I now only have a licensed copy of 32-bit Windoze7. Will that run okay under 64-bit Linux and VirtualBox? My other solution would be to keep my 2GB of RAM and 32-bit Linux, buy another copy of Windoze XP, and give 1GB to VirtualBox for Windoze. XP seems happy with that. Any experts out there?
Thanks for Crossover update
Thanks for Crossover update. I was wondering how well it ran BW.
32 bit guest on 64 bit host? Yes.
I deleted the rest of the quote to save space. I have had much the same experience with Crossover Office and BW8. The instability was unacceptable, at least on my desktop system.
Originally Posted by Hugh
I recently rebuilt my desktop to include an AMD Phenom 4 core processor and 8 Gb of RAM. I used VirtualBox to set up a virtual Windows Vista machine, and installed BW8 there. Now it runs with all expected features and stability. That is okay for when I am home, but I would like to be able to use BW8 on my netbook (Acer Aspire One D250) which I upgraded to 2 Gb RAM. Unfortunately, I have the same issue. Besides not having another valid license (unless I wipe the Windows from it and then reinstall it in a VM), it is too weak on performance and RAM to support the a full-blown virtual machine. Unfortunately, Crossover Office and BW8 are too unstable for anything that involves going beyond the main window (such as opening up a grammar).
As for the question of whether a 32 bit OS will run in a virtual machine hosted on a 64 bit platform, it will do so just fine. That is the setup I have (64 bit Fedora hosting 32 bit Vista). I had previously tried with KVM-QEMU using virt-manager, but I never could get sound output, so that got wiped and VirtualBox installed instead. I'm quite pleased with VirtualBox so far.
Internet Explorer and Linux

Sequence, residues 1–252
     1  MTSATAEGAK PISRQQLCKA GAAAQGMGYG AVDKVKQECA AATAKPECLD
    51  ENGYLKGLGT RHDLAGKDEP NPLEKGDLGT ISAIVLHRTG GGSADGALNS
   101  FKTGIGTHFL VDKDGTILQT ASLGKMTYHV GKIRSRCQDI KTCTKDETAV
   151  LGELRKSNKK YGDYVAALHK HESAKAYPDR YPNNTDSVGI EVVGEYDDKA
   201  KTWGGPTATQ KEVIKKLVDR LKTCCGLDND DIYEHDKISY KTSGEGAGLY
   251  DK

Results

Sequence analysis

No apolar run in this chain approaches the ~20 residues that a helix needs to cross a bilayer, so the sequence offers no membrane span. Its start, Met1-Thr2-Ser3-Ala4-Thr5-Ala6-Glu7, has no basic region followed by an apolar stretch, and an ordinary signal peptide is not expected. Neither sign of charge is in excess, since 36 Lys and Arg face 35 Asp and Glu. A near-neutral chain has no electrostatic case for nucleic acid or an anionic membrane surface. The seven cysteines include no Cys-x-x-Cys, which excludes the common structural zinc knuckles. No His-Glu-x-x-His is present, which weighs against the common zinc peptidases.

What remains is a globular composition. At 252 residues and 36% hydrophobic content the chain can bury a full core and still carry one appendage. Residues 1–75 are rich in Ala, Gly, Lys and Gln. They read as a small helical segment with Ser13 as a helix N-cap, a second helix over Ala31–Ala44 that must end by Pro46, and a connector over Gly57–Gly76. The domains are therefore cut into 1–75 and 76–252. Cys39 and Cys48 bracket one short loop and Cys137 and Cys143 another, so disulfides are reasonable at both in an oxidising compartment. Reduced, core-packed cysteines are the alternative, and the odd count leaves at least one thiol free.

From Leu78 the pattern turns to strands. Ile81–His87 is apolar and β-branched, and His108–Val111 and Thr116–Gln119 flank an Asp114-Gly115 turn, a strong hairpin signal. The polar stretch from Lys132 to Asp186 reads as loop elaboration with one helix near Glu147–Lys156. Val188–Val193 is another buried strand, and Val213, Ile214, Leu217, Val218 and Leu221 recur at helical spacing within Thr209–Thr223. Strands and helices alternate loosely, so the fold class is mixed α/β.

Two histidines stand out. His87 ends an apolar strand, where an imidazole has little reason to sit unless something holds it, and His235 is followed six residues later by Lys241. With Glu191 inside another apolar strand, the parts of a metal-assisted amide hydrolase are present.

Hi Linux users,
I am new user and I have been trying get bibleworks to run on my linux operating system. I am a mac user and I am running parallels. I got bibleworks installed but have run into a brick wall. It says I need Internet Explorer to activate my copy and databases. I have tried a number of different codes and I cannot get Internet explorer to run. Any suggestions?
BW8, Ubuntu 10.10, Wine 1.3.9
Installation ran flawlessly from the CD's with the above configuration.
I have an older Lenovo 3000 N100 that I had to replace the hard drive on so I had to reinstall. I upgraded both Ubuntu and Wine, reinstalled BW8 with no wine tricks or extra configurations. Previously I had to copy the CD's onto my hard drive to install.
I simply opened the CD directory and right clicked on autorun.exe and selected "Open With Wine Windows Program Loader" and it opened the installer, I entered all the pertinent Activation Codes, custom installs, etc. It prompted me for the new discs and behaved just as you would expect an install to behave.
The program opened after installation fine, everything except the usual (no toolbar icons, help files crash) works beautifully including the editors. I was able to activate the program online from the prompt and successfully ran an update. All of that without any extra work with winetricks or IE6.
Wine 1.3.9 is the latest development version...